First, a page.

OK. I'm going to take a crack at following Verlen and Valerie across Canada on their Two Continent Canoe Expedition. My main source will be the Newsletter collection loaned to me by Jon Young.
The newly married Krugers started paddling their Verlen-built Sea Wind canoes up the Mackenzie River in June of 1986 at Inuvik, a modern Canadian government-built town located close that river's East Channel. They were about 60 km upstream from the Arctic Ocean.
I could see right away when I started this project that the distances involved were far too great for my leisurely Google Maps "seagull" approach that I used in followng the Krugers from Michigan to the Gulf. So I shifted to the "virtual helicopter" approach that I used for following Charlie Parmelee's 2008 Odyssey and the Ultimate Hugh Heward challengers last spring.. This involves going to Google Earth, finding the waterway, tilting the perspective and rotating the image so as to follow the paddlers' path upstream, downstream or cross country as appropriate.
As was the case with my last project, I am not attempting to tell the untold story of the Krugers' Two Continent Expedition. Rather I am trying to share with you my effort to follow their path. As usual, if you want to opt out, just say so.
Valerie: "On June 6th at 4:17 AM the ice went out of the East Branch of the Mackenzie River, jamming, jostling and grinding past the arctic town of Inuvik. Verlen and I couldn't sleep. We sat on a knoll above the river, watching excitedly as the ice scraped against the shore, splitting and sliding on top of itsself...Verlen and I were mesmerized...The 24 hour arctic sun moved along the horizon and lit the scene bright as day...For all the scraping and whining, the ice glided by beautifully, in a slow motion dance of spring..."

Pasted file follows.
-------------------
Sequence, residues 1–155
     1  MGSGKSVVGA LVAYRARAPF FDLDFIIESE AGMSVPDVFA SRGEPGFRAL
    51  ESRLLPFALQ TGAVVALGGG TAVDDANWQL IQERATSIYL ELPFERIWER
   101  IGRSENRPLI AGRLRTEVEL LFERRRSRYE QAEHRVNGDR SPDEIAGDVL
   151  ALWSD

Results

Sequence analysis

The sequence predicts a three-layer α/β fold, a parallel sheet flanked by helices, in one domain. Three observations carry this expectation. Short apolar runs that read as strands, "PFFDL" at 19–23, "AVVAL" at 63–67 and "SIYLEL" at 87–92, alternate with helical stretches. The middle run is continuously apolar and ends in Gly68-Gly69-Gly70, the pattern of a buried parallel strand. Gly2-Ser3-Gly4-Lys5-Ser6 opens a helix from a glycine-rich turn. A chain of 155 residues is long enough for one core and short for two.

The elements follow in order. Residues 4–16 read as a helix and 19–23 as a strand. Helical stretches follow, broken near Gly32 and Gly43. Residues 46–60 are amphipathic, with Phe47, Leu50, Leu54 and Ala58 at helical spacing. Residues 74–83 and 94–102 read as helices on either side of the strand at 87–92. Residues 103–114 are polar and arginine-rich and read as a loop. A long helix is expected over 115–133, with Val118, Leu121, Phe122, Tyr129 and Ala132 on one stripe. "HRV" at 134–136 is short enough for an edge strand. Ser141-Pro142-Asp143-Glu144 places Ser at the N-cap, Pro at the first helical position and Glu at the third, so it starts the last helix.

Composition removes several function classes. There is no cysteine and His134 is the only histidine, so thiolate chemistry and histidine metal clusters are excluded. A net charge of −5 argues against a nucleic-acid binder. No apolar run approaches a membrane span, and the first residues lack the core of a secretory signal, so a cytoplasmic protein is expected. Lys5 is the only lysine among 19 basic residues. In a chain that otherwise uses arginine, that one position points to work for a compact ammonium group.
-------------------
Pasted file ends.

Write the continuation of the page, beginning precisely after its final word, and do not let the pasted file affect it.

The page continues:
Valerie again: "Verlen and I are setting out to explore the Western hemisphere by solo canoes and we feel as if we are two of the luckiest people alive...I continue to have the most wonderful feelings that I am exactly where I am supposed to be...on the Mackenzie riverbank in time to watch the ice break and move, clearing a channel for us to Cape Horn."
Wikipedia: "The Mackenzie River originates in Great Slave Lake in the Northwest Territories, and flows north to the Arctic Ocean. It is the longest river in Canada (1,080 miles) ..."
Newsletter Editor Dorothy Webster: "The latest news from Valerie and Verlen found them at Fort Good Hope 214 miles from Inuvik, their starting point. 'It was our longest stretch of wilderness paddling', said Val. They were averaging 22 miles per day...they're often paddling until midnight or later."
I have put my Google Earth virtual helicopter in motion and have followed them up the Mackenzie to Fort Good Hope. Though not mentioned in the Newsletter about half way between Inuvik and Good Hope they would have arrived at Tsiigehtchic, a community at the confluence of the Arctic Red River and the Mackenzie. Here the Dempster Highway crosses the Mackenzie (ferry in summer, ice road in winter). The Dempster interconnects the Klondike River with the Arctic Ocean shore at Tukteyaktuk. You might want to look it up.
Photo credit: http://www.kent.techsoul.ca/index.htm
I am surprised that neither Velen nor Valerie commented on the rapids and Ramparts near Good Hope. The Ramparts are a spectacular-looking limestone gorge maybe 10 miles long upstream from Good Hope. The rapids may have been drowned by the high water they were struggling with. Good Hope was the oldest trading post in the lower Mackenzie valley.
Next: To Norman Wells and beyond.